Brilliant Book Suggestions: ‘Tiger vs. Nightmare’ and ‘The Prince and the Dressmaker’

People who love to read always need a new, great book—so brilliant book recommendations from people come in handy.

Anthony Ascione, with Brilliant Books in Traverse City, has a couple of suggestions, one for the young kids who enjoy picture books and the other for pre-teen or teenage readers who may be looking for something different.

‘Tiger vs. Nightmare’ by Emily Tetri

“Tiger vs. Nightmare,’ adorable, adorable book,” says Ascione. “It’s actually a graphic novel geared more toward the 10 to 12 set, and it’s about this girl named tiger who has a monster living under her bed but the monster is nice. He was assigned to her when she was a baby and he decided it wasn’t really fair for a monster to scare a baby, why would you want to do that? So he’s dedicated his life to fighting off the nightmares that come visit her and keep her safe. Then one night, a nightmare comes that he can’t fight off, and he and Tiger have to deal with that. And it’s a very sweet story about bravery and togetherness and friendship. The illustrations are adorable. ‘Calvin and Hobbes’ was a favorite of mine as a kid, this very much put me in the mindset of Calvin and Hobbes, but instead of a boy and his imaginary friend, it’s a tiger and her imaginary friend, which was a lot of fun for me. It’s also a quick read super cute one, the illustrations get a tiny bit scary at one point, but I don’t’ think it’s too intense for a young reader. I think it’s another open that can be read aloud, just snuggle up in a chair or read it before bed.”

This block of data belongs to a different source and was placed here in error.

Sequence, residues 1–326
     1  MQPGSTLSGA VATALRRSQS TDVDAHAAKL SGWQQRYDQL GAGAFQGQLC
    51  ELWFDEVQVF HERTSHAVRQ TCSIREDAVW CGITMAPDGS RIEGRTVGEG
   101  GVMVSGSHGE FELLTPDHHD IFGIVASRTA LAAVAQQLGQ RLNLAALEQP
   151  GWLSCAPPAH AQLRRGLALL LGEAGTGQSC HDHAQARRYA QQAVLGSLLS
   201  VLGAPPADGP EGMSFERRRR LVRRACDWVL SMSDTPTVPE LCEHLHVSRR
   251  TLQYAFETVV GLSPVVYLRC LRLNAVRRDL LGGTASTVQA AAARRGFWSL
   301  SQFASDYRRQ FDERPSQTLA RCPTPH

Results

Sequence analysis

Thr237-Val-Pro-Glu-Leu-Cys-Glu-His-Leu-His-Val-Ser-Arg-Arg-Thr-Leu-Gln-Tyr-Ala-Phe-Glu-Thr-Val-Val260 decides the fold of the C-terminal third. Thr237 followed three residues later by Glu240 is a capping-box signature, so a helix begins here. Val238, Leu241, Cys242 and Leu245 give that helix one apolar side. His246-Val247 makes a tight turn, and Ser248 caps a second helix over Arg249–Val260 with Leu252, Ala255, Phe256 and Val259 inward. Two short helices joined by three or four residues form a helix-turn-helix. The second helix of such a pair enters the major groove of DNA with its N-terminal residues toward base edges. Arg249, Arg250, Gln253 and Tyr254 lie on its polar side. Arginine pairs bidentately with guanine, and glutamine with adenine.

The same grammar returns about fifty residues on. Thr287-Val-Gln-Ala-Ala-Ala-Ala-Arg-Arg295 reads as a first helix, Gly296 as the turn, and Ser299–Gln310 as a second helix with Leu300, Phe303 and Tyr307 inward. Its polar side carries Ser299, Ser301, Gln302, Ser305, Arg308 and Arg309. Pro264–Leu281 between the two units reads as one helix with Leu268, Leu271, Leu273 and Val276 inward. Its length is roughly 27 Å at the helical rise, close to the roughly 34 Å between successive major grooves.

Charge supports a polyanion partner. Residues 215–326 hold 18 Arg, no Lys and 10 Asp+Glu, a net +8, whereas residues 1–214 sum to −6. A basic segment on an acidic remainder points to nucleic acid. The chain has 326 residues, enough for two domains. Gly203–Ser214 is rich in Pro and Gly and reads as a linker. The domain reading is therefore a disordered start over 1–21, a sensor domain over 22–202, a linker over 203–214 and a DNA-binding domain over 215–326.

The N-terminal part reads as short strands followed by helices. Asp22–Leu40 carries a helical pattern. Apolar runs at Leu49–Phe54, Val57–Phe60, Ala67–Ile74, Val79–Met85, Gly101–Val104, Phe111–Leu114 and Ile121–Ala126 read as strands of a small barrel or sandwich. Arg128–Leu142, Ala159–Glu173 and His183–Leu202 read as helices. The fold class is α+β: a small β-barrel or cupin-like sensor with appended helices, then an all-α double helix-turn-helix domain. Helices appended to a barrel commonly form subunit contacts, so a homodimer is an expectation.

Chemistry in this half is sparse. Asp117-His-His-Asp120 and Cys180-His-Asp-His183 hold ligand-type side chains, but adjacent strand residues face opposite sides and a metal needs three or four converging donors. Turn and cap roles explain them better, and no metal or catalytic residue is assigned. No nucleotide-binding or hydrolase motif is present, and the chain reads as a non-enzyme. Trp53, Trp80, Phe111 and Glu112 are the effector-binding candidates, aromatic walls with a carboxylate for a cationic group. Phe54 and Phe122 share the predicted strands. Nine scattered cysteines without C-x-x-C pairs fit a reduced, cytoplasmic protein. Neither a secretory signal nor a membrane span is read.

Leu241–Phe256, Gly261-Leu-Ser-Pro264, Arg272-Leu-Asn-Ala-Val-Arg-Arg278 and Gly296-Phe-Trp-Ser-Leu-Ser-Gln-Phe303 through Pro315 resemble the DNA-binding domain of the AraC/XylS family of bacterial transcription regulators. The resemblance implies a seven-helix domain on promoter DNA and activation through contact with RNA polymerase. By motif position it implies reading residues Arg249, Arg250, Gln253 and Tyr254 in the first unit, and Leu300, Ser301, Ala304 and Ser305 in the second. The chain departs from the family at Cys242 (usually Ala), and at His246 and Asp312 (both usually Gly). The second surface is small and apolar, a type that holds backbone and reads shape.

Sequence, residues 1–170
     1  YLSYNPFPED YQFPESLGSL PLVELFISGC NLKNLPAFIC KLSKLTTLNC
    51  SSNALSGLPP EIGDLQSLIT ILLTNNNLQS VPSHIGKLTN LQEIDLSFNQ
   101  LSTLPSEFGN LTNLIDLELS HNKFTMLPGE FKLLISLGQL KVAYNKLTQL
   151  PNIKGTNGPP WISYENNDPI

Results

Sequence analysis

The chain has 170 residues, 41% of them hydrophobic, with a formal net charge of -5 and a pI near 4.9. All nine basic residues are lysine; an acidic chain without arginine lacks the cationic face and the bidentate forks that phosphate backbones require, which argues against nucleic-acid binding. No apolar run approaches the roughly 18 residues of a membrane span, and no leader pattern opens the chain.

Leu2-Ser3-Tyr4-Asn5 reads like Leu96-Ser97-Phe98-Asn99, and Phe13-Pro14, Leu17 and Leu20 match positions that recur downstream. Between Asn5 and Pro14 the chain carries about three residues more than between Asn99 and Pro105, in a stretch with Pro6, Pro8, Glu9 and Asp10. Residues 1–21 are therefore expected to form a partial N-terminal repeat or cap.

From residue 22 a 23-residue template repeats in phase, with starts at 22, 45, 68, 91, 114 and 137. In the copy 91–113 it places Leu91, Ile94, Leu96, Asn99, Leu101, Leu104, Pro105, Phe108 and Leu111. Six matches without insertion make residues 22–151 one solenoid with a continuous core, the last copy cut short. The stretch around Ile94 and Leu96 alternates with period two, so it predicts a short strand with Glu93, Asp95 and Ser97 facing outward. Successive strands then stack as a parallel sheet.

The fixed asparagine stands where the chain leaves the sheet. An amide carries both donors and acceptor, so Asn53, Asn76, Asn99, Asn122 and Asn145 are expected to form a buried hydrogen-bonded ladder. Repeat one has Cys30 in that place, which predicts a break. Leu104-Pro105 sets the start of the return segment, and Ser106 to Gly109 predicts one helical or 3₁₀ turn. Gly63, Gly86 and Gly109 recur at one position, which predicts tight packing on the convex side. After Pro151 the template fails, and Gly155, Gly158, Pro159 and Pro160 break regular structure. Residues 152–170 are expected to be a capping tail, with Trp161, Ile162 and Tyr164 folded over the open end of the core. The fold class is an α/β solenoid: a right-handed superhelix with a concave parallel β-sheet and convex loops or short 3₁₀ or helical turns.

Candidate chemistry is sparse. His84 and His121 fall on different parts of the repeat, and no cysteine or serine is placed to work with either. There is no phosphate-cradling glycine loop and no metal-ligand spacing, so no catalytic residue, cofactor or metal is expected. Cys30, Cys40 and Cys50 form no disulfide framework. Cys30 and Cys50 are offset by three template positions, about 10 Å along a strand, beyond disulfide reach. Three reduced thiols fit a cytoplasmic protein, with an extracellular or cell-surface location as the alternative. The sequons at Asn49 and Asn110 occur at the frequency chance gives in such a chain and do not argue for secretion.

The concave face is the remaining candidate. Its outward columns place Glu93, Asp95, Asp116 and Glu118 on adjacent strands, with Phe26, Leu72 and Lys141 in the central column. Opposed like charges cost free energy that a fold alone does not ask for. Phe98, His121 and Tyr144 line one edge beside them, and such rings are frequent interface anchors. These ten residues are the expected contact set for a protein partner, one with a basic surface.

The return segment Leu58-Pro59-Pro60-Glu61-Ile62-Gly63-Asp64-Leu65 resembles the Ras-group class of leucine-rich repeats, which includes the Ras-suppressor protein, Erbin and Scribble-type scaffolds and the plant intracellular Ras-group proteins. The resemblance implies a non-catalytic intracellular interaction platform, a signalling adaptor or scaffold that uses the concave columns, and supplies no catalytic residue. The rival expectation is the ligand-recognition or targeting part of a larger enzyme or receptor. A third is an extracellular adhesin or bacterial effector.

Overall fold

‘The Prince and the Dressmaker’ by Jen Wang

A good book keeps you hooked and thinking about it long after you’ve put it down.

Ascione has another suggestion for the teen or pre-teen in your life—a graphic novel that can span generations and spur conversations.

“Another graphic novel that I really, really love, ‘The Prince and the Dressmaker,” Ascione says. “It’s about a prince the crown prince of Belgium. It’s a fictional narrative set in the ‘40s. He’s next in line for the throne and he likes to wear dresses, he thinks they’re cool and he just likes being pretty, so he hires this girl who is a dressmaker in this town and he swears her to secrecy and he wants her to make him whatever crazy dresses she can. Money is no object, he’s the prince, and she does and he loves them and he becomes this big hit, this alternate persona. This celebrity that everyone wants to be like and everyone wants to meet, who is Lady Christalia, Where does she come from and who makes her dresses? In the meantime, his parents are leaning on him very heavily to find a wife and start his legacy as the crown prince and he’s really not sure what he wants to do. And the big thing he thinks about is what people would think if they found out he wore dresses. The illustrations are beautiful, the crazy dresses that the author has come up with are spectacular. It’s one that, again, teenagers could read and adults could read, I have a friend who bought it, he’s going to read it and give it to his son, have his son read it, and they’re going to talk about it together. And I think it’s the perfect thing for something like that. It’s realistic, but it’s also sort of fantastical. These obviously aren’t real people, the dresses aren’t real, which is unfortunate because some of them are fantastic. Another one that really makes you think. It really made me think.”

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